The Carver--A Life Lesson Story

By: Alice Steinbart

In a provincial city, there lived a woman who carved small wooden statues for a living. Her carvings were from softwood, because it was easy to work with. Most of the other carvers also worked in softwood. A few worked in stone, making large magnificent monuments, but the woman could never do that. Stone was expensive and if she made a bad blow she would ruin the whole statue. She didn’t know how to fix a bad strike like some carvers. No one had ever taught her.

Some of her carvings were appreciated, but other times she got complaints. The wood swelled in damp weather and split in dry. The complaints dampened her enthusiasm for her work and ate away at her self-confidence. She decided she was no good at carving, was never meant to be a carver. She looked around at what she could do and at what she liked.

Weaving. The colours were beautiful. The designs intricate. The fabric appealing. Having little money, she bought cheap thread and set up her stall off on one side of the bazaar. No one came. She knew she was too far from the center and her cloth not attractive enough.

One day as she was walking in the woods trying to decide what she should do, she came across some translucent stones lying in a stream bed.

Smooth, deep, and beautiful. She gathered up handfuls, filling her pockets.

Returning to the market, she went right to the center, and holding two of the stones to catch the light, showed them to the passer-bys. But they pushed past her, paying her no mind. She was bumped into a post, stopping her in bewilderment. “Why can’t they see how beautiful these stones are?" she thought.

She looked across the way, to Safia’s stall; Safia, the most successful seller in the market. Safia was buying carrots from one of the farmers. In the farmer’s hands they looked ordinary, because the farmer looked ordinary. But Safia displayed them as small, succulent, and rich orange. Safia was full of life, sparkle, and confidence. Buyers felt self-assured, smart, safe buying such good quality foods from her.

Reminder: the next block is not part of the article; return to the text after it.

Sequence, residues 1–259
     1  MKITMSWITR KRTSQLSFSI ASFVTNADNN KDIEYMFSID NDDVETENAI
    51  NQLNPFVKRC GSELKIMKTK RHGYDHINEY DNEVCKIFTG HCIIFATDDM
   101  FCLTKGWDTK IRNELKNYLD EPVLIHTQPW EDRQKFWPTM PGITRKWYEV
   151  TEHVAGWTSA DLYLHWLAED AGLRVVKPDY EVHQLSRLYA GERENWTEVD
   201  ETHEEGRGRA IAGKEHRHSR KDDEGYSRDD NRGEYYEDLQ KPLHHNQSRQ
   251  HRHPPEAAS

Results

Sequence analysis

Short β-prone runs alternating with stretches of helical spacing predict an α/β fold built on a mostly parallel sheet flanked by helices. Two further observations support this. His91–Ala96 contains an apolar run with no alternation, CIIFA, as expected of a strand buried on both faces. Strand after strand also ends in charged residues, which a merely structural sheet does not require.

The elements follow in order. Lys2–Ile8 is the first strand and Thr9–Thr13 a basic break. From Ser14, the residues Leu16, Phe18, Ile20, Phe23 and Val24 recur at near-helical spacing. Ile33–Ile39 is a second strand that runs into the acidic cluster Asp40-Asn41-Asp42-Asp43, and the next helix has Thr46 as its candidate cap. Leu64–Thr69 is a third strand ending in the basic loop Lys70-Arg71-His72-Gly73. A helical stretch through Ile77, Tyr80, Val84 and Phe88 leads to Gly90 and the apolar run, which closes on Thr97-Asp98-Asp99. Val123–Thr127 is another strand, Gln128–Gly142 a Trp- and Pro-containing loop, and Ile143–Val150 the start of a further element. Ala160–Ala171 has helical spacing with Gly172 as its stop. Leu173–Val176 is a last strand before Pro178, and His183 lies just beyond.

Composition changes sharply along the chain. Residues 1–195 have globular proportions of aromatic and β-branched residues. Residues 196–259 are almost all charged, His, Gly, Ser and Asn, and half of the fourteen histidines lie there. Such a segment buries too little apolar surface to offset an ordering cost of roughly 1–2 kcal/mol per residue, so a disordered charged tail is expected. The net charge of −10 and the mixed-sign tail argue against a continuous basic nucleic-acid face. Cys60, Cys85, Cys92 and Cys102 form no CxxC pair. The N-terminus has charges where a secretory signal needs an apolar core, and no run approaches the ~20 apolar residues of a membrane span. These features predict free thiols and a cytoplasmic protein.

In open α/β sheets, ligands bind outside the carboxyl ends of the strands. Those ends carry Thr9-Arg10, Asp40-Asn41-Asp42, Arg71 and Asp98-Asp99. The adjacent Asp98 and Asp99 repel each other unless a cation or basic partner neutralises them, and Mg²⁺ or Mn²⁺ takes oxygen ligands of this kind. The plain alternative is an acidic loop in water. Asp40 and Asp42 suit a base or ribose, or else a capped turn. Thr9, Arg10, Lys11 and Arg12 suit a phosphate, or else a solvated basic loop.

“I can do that", the woman thought. The next day she put on her best clothes, practiced what she would say and marched up to Safia.

“Safia, I have discovered these fine gems that will bring more people to your stall." Here she displayed some of the most spectacular stones on a piece of black velvet she had, rocking them gently to catch the light.

Safia pick one up and held it to the sun. “See how smooth, almost magical they are", said the woman. “You can set them in gold rings, string them into prayer beads, or simply roll them in your hand. They’ll bring a good price and attract a new clientele for you."

Safia saw immediately these would sell well. “I’ll give you 100 ringas for each stone", she offered.

“Safia, I will rent this section of your stall", countered the woman pointing to a spot next to the sweetmeats. “I’ll give you 10 spas a month plus 10% of my profits. This way you do what you do best, selling foods, while I give my full attention to these jewels. We will both make more sales."

Safia could see the woman wasn’t going to budge on this. It was either let her sell the stones or she would go elsewhere. “All right", sighed Safia.

The woman set up her display immediately. Safia told all her customers of her new wares. Curious they came over to see. The woman, by watching Safia, learned how to sell. She was a success and both Safia and her thrived. And from that day forward, the woman trusted herself. She knew she was worthy, valuable, and good enough. She grew in confidence and stature. Her demeanour changed. She had an aura about her that attracted people. She became as we all doFeature Articles, what she thought she was.

?2002 AliceSteinbart

Life Fear and Attitude
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